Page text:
Does everyone carry zip ties in their campervan? Certainly without these handy plastic ties in our campervan spares cupboard we would sometimes struggle to stay on the road. I am old enough to remember the days before zip ties but still find it hard to think how we managed without these small bits of nylon in the past. We have used zip ties to hold lights onto bikes when the mount has broken; they have replaced broken handles on bags, held together rolled up blankets and more recently were essential for a makeshift [but solid] repair on our Renault Master.
According to Wikipedia, Cable ties were the invention of Maurus C Logan of the electrical company Thomas & Betts. Appearing in 1958 under the brand name Ty-Rap they were initially designed to organise and keep tidy the multiple lengths of cabling in aeroplanes and Logan spent a few years working out the design. They are, of course, still really useful for that original purpose as we now have multiple lengths of cabling that needs organising in our home.
I like to get our van serviced and checked regularly, so before we set off on our trip to France we took our campervan into the local garage. We needed some new front brake pads and oil changes were due. It seemed worth getting these things sorted before travelling so that we could be sure the Blue Bus would have a trouble-free trip. Unfortunately, this forethought had the opposite result as the garage didn’t quite put our Renault back together in the way they had found it.
Driving down to Portsmouth for the St Malo ferry there was an alarming banging noise from the front wheel at between 65 and 70 mph. We slowed down and pottered into the next services to stop and take a look. It seemed the cover over one of the wheel arches was flapping as the bolts that hold it in place had come loose. In our campervan we have one cupboard devoted to things that are useful for repairs. Here we keep various kinds of tape, spare handles, superglue, waterproof clothing repair kits, needles and thread, tools and of course zip ties. In this instance the reel of strong tape held the flapping plastic still and the rest of our journey to Portsmouth was uneventful apart from the three hour traffic jam that almost made us miss the boat!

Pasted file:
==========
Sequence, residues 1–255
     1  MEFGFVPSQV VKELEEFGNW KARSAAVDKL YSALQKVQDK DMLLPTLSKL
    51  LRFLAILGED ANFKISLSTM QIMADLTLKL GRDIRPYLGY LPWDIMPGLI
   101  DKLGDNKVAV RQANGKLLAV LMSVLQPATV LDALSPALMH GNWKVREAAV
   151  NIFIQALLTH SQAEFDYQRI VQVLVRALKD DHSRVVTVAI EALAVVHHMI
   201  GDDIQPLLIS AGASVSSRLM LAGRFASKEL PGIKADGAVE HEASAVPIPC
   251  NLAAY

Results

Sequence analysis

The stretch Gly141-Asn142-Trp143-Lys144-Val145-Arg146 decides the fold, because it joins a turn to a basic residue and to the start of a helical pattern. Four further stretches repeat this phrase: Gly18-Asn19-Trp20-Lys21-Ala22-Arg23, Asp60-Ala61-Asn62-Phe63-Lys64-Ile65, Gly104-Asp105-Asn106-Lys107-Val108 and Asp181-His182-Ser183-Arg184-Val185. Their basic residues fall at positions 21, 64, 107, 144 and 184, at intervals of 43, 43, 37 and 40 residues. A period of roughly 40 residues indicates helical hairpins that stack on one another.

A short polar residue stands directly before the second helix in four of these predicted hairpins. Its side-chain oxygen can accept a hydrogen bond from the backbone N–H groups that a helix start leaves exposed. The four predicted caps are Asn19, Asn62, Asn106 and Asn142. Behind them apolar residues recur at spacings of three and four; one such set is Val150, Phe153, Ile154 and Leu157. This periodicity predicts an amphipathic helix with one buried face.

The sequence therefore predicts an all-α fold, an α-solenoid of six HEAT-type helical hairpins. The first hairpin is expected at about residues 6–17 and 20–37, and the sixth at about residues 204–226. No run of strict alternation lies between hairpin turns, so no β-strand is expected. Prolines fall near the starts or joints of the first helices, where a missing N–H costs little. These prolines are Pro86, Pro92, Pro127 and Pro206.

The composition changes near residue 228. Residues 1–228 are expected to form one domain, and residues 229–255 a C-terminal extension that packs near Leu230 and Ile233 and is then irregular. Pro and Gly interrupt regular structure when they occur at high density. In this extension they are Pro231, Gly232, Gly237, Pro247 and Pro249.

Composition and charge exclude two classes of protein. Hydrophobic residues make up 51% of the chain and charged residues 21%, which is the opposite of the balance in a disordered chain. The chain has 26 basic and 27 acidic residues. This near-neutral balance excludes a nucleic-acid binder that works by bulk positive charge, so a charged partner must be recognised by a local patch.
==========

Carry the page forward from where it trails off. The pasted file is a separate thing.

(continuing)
We thought that was the end of the matter but should have known better. A few days later I was doing some stretching exercises on the ground beside the ‘van, glancing underneath I noticed something hanging down that shouldn’t be. Further investigation revealed that when the garage had carried out the service they hadn’t fixed the plastic cowling under the engine [the under-engine undertray] back in properly and it was now hanging down low just waiting to be caught on an unsuspecting speed bump.
We do have breakdown cover but decided to have a go at fixing it ourselves and so lying on the outdoor mat I had been exercising on, Mr BOTRA lay under the confines of our campervan while I handed the appropriate sized zip tie to him. He fixed three of these in the holes where the missing bolts should be. We checked the repair regular but this temporary fix saw us around the rest of Brittany and back home from Portsmouth. They worked so well I wonder if Renault should consider using cheap zip ties instead of the bolts that the garage had failed to fix properly.
Our quarantine is almost over and after the excitement of the dentist trip on day one of freedom, day two will involve a trip to the garage to give them the chance to put right their mistake.